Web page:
Featured image of post Balancing needs of nature and people in a cemetery park
Episode 50

Balancing needs of nature and people in a cemetery park

Interview with Kenneth Greenway about balancing the needs of people and nature in a historic cemetery park.

The park continues to look after the graves on the site, which includes several listed monuments. The site is managed to be a mosaic of habitats, with an emphasis of keeping a feeling of openness. Community groups have contributed to spring bulb planting across the site.

Managing ‘anti-social behaviour’

  • Created open feeling by thinning trees and removing ivy from some trees
  • Allowed 24 hour access to the site via pedestrian gates (also stopped damage to fencing from forced entry)
  • Staff informally greet and speak with all visitors to the site so their presence is felt
  • Relationships built up with regular visitors who report anti-social behaviour or illicit commercial foragers
  • Anti-social behaviours are dealt with initially by respectful reminders that it is a public space
  • Frequent interruption b friendly chats seems to prevent anti-social behaviour because people know they will be interrupted

Managing picking of plants and flowers

  • Borough has bylaws against picking any plants from council property
  • Tower Hamlets offers the least green space per capita of any similar area in Europe, staff respond to this situation by allowing reasonable use of the site by the community
  • Foraging for personal use is generally allowed
  • Lockdown led to a huge increase in foraging on the site and staff now request that people let them know first.
  • Children won’t be yelled at for picking a flower here or there, but anyone picking bunches of flowers will be spoken to about it being a communal space so the flowers should be left for the community to enjoy.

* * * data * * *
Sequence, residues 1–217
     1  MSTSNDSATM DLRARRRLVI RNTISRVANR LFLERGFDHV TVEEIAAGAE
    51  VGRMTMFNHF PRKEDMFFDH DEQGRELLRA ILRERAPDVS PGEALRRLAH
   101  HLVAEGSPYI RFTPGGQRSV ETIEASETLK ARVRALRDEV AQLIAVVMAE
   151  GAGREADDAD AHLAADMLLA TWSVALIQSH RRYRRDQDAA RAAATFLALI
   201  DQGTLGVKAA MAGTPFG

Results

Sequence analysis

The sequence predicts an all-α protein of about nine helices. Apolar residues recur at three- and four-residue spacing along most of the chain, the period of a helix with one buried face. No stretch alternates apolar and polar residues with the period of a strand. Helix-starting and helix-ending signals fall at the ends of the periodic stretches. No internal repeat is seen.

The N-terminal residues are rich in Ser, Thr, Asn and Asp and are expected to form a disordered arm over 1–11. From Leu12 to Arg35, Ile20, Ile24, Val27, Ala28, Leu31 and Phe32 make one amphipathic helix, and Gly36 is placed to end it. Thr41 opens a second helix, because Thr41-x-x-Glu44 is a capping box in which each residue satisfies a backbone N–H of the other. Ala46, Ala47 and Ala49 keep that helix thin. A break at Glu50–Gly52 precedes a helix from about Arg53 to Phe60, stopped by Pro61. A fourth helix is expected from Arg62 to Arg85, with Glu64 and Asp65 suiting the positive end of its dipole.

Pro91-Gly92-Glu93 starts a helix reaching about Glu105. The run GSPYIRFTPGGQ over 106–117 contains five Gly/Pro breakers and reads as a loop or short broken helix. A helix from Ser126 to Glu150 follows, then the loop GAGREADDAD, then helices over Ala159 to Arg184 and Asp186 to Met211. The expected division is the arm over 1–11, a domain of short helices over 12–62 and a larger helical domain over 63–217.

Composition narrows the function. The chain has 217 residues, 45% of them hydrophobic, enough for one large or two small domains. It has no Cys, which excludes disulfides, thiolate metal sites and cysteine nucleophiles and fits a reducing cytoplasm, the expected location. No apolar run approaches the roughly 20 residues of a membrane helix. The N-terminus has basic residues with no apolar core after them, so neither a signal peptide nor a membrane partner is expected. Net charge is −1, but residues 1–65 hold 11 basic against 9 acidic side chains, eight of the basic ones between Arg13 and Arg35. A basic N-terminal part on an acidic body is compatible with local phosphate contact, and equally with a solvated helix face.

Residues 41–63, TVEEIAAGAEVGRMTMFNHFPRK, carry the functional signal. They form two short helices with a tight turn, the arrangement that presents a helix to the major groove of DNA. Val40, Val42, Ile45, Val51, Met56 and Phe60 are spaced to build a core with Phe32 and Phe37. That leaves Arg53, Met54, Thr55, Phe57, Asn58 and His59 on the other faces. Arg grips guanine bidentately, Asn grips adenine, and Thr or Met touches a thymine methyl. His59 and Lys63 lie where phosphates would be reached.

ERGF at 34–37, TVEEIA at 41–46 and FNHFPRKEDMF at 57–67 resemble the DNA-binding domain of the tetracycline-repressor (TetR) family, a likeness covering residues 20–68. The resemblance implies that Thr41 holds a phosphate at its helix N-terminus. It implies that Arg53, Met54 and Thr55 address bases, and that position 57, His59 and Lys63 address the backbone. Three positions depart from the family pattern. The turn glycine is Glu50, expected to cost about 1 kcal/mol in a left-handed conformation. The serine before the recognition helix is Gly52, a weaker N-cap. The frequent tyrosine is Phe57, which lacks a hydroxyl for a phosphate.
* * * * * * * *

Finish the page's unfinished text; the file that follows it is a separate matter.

• Reconnects people into the seasons so they can plan ahead

  • Personal use value of the site for foraging is a way for people to develop appreciation for the site

  • Hopefully people eventually develop a desire to learn more about plants outside of foraging

  • Foraging walks

    • Much more take-up for foraging than general botany walks
    • Emphasise responsible foraging behaviour so that it is sustainable
    • Emphasise that foraging requires dedication to learn about the plants and how to ID them
  • Useful books


  • Using the site at night seems to be a draw

  • People book online to limit numbers

  • People seem to enjoy the evening regardless of seeing any bats

  • Walk logistics

    • Begin by learning about bat ecology, break down preconceptions and myths
    • Get to see a dead bat and handle bat poo
    • Learn how to use bat detectors before setting out
    • Slowly move around the site
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